In the later years of the 1800s, the oyster harvest on the Chesapeake Bay had already made the Bay a famous place—worldwide. Oysters were caught and packed here at a record rate. Hundreds of skipjacks could be seen plying the waters. There were so many watermen catching an abundance of these shellfish. Jump forward one hundred years later and you see the oyster population has dramatically declined. With over-fishing and the threat of diseases, the oyster population in the Bay is less than 1% of what it was. In an attempt to combat this major decline, many dedicated scientists, ecologists, and organizations like that of the Oyster Recovery Partnership (ORP) are doing their part to help restore these oyster reefs.

Oyster Recovery Project

One of the most important activities and the main foundation of ORP’s efforts in reef restoration is the recycling of shells. You see, an oyster shell is the best, most natural material to rebuild oyster reefs and foster the growth of these shellfish. Luckily, for the Chesapeake Bay, there are plenty of restaurants in and around Annapolis that take part in serving up their own signature variations of this delicious delicacy and then team up with the ORP to do their part.

Oyster Recovery Project

When dining out, look for this sign and know that after you finish the meal, the restaurant you just ate at will give the shells back to the ORP who will then clean, treat, and put the shells back into the waters of the Bay. More than 350 restaurants (dozens in Annapolis) participate in this vital program, and there are other collection sites throughout the region if you happen to be eating the bivalves at home.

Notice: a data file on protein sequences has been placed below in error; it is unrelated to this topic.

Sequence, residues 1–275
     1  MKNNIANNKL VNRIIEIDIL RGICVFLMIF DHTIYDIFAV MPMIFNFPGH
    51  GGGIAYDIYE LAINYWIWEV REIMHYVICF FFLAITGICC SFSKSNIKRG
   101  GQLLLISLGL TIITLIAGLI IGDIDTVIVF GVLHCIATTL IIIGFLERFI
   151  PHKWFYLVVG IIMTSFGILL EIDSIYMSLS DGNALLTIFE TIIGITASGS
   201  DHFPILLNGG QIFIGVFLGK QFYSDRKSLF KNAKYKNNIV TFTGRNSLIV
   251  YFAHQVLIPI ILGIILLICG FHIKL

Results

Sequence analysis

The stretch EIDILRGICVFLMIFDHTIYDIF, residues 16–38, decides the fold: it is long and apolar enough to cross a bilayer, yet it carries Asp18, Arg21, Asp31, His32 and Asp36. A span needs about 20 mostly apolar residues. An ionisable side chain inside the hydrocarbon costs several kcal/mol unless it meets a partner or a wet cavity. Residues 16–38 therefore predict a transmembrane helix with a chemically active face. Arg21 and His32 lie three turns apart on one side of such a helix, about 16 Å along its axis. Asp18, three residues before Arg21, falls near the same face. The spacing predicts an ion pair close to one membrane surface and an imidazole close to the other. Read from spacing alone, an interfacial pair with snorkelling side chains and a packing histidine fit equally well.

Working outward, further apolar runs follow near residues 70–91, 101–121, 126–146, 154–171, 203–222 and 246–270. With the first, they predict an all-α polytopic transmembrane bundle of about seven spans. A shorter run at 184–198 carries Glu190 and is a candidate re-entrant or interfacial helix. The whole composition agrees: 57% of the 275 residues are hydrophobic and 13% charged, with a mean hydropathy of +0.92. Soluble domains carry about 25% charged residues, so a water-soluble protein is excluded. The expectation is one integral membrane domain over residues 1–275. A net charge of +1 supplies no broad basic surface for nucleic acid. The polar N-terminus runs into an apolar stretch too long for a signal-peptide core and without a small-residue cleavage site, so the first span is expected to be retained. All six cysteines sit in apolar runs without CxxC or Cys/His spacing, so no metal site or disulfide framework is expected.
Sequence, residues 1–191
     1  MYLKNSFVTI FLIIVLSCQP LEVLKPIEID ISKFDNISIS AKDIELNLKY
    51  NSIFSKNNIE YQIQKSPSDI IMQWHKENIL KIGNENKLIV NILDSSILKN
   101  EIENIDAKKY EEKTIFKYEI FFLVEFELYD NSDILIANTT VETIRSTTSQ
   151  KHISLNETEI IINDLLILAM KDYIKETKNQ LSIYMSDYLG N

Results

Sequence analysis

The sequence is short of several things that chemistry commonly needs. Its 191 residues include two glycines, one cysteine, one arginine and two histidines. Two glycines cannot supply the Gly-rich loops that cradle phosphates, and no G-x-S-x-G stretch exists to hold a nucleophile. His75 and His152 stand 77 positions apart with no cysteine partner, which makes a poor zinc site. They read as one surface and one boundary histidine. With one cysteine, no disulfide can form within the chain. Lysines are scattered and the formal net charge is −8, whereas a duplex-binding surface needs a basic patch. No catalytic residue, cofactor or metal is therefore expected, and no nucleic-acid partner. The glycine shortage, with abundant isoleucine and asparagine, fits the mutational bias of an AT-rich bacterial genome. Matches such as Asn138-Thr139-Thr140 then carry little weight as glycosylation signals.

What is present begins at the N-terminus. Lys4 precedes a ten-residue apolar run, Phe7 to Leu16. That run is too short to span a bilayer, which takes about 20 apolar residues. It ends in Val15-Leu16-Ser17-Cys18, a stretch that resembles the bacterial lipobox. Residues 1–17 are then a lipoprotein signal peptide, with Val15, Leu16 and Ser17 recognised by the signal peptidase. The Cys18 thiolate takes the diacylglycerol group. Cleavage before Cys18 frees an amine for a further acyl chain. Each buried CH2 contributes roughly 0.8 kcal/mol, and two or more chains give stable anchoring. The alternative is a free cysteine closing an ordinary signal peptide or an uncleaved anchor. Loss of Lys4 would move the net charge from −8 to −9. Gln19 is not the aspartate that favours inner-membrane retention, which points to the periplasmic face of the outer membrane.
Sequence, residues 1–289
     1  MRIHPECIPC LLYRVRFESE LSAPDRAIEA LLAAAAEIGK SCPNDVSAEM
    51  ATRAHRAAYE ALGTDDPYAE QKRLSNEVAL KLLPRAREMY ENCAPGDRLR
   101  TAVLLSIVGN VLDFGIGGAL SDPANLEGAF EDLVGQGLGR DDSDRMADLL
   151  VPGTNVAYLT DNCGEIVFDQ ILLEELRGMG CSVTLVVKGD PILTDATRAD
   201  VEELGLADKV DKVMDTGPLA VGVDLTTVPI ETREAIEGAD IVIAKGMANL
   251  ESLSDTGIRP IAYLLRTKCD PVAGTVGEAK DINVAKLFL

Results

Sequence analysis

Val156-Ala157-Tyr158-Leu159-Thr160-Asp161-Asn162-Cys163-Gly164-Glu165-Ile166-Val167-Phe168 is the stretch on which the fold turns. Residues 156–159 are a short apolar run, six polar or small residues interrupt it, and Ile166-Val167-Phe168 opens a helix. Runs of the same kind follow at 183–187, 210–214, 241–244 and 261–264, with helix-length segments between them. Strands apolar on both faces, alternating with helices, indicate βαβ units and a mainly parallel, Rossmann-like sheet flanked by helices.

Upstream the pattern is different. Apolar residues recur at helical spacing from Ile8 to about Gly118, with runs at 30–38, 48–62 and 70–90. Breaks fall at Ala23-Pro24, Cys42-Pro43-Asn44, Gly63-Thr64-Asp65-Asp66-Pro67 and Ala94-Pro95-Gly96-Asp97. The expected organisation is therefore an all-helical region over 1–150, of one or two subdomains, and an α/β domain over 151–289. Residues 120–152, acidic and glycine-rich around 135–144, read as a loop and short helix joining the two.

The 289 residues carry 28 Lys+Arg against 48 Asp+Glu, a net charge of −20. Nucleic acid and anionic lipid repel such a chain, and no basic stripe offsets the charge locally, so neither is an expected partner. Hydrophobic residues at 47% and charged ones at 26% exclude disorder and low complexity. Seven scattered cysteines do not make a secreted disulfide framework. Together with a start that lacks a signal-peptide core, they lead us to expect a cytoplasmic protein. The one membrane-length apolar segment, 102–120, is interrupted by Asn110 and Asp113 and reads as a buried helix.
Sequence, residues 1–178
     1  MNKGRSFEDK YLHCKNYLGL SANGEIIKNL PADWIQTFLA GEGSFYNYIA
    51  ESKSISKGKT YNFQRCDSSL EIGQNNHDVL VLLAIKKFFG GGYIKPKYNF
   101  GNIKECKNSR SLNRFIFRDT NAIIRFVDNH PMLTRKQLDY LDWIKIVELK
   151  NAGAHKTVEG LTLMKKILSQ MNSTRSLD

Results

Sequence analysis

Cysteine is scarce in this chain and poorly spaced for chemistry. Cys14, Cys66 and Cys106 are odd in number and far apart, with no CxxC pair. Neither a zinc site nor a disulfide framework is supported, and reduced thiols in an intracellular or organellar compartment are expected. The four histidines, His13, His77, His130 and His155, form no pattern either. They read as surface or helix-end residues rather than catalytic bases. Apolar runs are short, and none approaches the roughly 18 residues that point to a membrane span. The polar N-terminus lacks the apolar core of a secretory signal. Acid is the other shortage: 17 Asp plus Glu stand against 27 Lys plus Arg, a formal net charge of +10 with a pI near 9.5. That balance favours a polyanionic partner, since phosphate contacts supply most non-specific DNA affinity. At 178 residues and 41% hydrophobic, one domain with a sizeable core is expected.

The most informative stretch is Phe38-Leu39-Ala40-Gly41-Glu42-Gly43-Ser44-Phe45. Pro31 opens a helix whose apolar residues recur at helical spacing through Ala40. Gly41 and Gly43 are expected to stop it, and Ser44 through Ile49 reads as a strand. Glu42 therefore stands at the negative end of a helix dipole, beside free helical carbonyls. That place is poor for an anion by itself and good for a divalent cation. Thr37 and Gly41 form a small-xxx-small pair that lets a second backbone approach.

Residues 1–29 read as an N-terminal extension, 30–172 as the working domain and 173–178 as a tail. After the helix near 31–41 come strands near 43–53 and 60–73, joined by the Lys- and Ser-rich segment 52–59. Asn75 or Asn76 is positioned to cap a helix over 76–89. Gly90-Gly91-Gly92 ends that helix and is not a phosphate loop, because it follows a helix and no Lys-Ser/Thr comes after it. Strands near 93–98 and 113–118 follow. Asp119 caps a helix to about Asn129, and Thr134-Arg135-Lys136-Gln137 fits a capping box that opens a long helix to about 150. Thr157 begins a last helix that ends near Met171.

Oyster Recovery Project

Over the years, the ORP has been able to produce more oysters through the use of sanctuaries, public fishing grounds, and reserves. All of these acts have increased the presence of oysters in the Chesapeake Bay. By teaming up with the Maryland Department of Natural Resources, the Chesapeake Bay Foundation, and many other partners, ORP has been able to plant 8 billion oysters and continues to be active in local reef recovery efforts. They work with partners and other nonprofits who support the mission of restoring a healthy oyster habitat and overall Bay environment.

So, the next time you dine on raw or cooked oysters, think about their comeback. Think about how the men and women are bringing them back through science and best practices.


Videography and photography courtesy of Patrick McNamara of Drawn to the Image


John Stefancik

John Stefancik is the Publisher of Chesapeake Bay Media. He spends time on the water aboard his center console powerboat, racing sailboats of all sizes, and cruising between the waterside cities and towns of the Bay. Born and raised into a boating family, John spent summers sharing a berth with his brother while their parents took them sailing for weekends and weeks at a time. “The specialness of the Chesapeake cannot be overstated,” John says, “because one minute one can find themselves floating in a big urban area with city culture, then in the next moment being blissfully alone in one of the richest natural resources in the world!” John lives just outside of Annapolis, on the Severn River, with his wife and three children.